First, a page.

The West Coast of New Zealand’s South Island offers a different type of stunning scenery, and we were super excited to be finally making our way towards other natural wonders of this special part of the world – glaciers, mountains, the coastline, and more lakes and waterfalls. Faced with the need to be in Fox Glacier by lunchtime for our glacier hike, we woke up in our hostel in Lake Hawea in the wee hours of the morning, which meant that we were treated to beautiful lake views at dawn/sunrise. I have to admit that staying in a practically empty hostel is a little creepy – we were two of only three people who were booked in for last night (the other being a girl from the USA, who was slowly making her way across to India). At least we got along quite well with her, had our pick of all the rooms, the staff were very attentive, and the facilities were fairly clean.
From our hostel, the drive to the West Coast region began by travelling alongside Lake Hawea (on the right hand side) and Lake Wanaka (on the left hand side), and eventually between both lakes via a narrow stretch of land called “The Neck”.
The drive then winds through parts of the Mount Aspiring National Park alongside rivers, through valleys and gorges, and around some of its mountains. The scenery – filled with waterfalls, large boulders, steep mountain hills, and rainforest – gets pretty dramatic and intimidating in some parts. It’s hard not to be distracted whilst driving, so be a passenger instead! The road eventually leads to the narrow Gates of Haast bridge near Haast Pass, which crosses the (often raging) Haast River. Haast Pass, at an elevation of 1,850 ft, is the lowest of the three main mountain passes across the Southern Alps (the other two being Lewis Pass and Arthur’s Pass), and leads to the West Coast. It can be somewhat considered as the gateway to the West Coast. This area is apparently an excellent place for day and multi-day hiking, but unfortunately time was not our friend on this occasion.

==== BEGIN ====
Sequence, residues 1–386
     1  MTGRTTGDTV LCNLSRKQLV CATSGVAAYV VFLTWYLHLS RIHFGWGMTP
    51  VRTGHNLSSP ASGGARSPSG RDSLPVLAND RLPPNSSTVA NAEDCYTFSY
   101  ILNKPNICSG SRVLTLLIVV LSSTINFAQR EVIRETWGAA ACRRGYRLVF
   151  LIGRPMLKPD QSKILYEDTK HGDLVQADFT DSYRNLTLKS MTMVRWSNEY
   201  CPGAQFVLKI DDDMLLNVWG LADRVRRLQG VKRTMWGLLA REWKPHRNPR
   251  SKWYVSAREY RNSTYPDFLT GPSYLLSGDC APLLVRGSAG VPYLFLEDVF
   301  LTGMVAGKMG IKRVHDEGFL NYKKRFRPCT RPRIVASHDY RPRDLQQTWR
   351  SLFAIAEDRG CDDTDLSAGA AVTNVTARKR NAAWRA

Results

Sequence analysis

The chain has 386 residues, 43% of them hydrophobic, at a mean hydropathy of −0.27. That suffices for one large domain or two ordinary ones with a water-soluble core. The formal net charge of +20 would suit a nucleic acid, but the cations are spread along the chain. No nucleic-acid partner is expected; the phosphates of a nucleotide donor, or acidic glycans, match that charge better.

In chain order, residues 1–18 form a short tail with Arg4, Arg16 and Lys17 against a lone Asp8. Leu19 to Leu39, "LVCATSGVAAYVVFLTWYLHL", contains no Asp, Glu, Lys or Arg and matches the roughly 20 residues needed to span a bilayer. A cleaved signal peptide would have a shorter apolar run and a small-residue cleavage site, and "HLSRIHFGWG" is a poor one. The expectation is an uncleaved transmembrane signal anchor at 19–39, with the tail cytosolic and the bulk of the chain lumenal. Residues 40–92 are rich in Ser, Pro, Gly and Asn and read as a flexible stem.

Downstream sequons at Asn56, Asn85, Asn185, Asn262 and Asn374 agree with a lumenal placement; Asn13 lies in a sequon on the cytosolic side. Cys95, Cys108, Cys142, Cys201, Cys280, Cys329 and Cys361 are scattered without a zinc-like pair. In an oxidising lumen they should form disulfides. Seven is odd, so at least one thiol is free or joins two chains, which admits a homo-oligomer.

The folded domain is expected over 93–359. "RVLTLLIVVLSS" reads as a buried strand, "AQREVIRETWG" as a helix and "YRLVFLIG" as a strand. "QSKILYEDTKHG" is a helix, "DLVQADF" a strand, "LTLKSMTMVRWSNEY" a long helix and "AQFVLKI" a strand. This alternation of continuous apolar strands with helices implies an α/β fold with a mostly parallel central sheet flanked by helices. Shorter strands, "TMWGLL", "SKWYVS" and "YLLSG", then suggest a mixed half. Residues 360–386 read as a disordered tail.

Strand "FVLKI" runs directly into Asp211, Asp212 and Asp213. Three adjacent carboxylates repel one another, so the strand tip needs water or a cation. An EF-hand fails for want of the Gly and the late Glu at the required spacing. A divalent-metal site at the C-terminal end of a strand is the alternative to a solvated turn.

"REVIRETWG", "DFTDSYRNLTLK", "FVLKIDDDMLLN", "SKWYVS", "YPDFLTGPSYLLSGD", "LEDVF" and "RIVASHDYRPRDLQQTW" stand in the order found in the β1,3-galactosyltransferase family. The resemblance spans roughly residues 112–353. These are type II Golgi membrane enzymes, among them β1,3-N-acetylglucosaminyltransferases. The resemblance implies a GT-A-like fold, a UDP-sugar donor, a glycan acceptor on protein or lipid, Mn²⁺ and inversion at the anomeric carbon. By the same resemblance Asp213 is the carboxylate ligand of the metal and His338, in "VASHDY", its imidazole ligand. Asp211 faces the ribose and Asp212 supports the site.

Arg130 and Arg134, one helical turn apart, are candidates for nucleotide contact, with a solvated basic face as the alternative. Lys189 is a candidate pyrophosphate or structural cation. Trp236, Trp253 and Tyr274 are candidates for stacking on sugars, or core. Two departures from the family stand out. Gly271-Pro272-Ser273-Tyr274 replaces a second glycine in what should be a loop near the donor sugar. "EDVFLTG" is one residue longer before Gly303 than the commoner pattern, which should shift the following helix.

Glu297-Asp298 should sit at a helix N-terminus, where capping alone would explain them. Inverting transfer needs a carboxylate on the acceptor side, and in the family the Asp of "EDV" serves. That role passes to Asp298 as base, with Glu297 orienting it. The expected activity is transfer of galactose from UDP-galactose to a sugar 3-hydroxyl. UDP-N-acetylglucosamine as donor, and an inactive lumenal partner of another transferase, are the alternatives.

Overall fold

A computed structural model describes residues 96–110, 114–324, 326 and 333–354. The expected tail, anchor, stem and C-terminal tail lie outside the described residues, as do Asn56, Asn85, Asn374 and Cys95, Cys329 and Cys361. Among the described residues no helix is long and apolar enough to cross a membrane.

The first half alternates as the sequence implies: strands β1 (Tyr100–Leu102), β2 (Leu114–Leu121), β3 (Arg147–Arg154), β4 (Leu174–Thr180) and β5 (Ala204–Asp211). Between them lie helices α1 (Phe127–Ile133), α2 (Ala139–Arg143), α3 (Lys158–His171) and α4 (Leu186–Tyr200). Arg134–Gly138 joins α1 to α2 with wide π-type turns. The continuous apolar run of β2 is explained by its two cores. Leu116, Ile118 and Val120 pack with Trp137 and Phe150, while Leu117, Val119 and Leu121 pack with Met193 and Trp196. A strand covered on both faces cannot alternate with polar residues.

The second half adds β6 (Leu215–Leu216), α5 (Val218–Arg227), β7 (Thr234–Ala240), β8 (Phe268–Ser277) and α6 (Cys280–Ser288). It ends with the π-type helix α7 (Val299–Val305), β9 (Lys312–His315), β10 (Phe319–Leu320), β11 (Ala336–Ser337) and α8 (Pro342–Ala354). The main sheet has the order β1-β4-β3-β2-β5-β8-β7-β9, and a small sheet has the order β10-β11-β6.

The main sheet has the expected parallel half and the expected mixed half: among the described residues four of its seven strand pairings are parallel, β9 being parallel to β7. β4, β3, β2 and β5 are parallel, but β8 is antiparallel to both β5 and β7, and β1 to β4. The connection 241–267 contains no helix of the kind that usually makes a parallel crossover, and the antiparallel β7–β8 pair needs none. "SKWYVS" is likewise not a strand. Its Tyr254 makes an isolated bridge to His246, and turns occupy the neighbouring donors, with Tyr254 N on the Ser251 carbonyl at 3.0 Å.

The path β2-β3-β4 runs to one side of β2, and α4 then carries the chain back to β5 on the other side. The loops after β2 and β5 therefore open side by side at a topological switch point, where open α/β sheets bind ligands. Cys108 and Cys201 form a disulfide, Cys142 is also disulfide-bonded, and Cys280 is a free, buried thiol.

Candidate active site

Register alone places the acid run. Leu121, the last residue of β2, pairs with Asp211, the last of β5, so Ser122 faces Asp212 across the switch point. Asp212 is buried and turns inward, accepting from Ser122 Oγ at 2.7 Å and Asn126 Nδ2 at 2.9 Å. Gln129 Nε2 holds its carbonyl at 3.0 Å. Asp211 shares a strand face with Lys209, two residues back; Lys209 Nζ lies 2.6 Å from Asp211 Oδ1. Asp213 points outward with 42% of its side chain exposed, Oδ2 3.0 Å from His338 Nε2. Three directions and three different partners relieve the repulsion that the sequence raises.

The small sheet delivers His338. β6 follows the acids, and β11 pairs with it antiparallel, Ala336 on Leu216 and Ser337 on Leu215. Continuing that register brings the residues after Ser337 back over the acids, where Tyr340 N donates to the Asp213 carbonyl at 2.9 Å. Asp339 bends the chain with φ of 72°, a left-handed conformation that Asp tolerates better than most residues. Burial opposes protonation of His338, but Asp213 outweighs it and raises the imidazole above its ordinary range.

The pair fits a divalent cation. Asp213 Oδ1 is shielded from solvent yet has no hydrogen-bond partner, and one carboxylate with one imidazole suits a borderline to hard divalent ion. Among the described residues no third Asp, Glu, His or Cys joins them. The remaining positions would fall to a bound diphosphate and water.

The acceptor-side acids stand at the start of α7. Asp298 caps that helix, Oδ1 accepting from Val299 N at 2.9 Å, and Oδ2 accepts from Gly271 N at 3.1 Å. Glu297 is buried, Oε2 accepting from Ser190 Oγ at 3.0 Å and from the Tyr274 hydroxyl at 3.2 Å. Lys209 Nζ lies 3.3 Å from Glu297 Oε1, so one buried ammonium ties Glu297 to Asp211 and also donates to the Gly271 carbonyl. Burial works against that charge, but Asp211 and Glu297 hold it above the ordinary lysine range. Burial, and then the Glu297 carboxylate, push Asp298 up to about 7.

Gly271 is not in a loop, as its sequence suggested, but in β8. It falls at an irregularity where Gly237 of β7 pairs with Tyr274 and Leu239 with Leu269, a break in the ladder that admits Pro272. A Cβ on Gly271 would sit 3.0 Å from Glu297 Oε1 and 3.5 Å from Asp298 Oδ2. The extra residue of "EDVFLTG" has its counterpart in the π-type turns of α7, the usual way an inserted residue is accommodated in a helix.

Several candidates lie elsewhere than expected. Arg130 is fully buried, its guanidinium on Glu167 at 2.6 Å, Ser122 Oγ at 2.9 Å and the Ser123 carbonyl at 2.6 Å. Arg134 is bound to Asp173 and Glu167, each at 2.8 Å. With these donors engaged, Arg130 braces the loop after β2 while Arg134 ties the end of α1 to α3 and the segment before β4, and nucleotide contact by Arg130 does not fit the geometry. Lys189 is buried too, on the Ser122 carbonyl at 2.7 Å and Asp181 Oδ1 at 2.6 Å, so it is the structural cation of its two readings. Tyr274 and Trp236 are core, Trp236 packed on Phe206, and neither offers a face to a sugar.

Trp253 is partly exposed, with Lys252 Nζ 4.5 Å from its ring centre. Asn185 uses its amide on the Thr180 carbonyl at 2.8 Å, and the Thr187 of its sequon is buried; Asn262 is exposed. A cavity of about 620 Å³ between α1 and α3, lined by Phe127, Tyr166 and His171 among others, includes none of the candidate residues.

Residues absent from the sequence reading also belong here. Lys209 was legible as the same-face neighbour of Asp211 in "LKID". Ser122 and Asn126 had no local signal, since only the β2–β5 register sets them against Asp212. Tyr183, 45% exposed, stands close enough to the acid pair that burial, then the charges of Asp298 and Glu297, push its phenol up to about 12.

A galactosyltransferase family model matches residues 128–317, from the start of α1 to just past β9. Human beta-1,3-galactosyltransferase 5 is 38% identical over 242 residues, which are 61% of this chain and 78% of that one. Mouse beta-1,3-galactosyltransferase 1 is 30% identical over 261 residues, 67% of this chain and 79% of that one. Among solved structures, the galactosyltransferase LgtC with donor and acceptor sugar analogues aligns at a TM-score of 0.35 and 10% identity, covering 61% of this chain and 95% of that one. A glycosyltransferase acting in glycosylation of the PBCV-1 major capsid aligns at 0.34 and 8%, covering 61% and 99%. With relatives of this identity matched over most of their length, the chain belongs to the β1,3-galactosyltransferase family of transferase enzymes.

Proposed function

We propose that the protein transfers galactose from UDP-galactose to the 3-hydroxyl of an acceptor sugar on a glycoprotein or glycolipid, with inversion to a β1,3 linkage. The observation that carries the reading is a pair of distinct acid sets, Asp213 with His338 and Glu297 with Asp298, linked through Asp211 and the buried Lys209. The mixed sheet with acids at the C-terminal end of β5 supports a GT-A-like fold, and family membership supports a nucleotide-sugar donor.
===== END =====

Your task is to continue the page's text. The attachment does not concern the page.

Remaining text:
Eventually, the road leaves Mount Aspiring National Park and takes you along the rugged coastline, which is littered with driftwood and white stones that have been vandalised by tourists. At Knight’s Point, the road heads back inland and briefly comes back out to the coast for Bruce Bay, before finally making its way through the coastal flats towards the Fox Glacier township.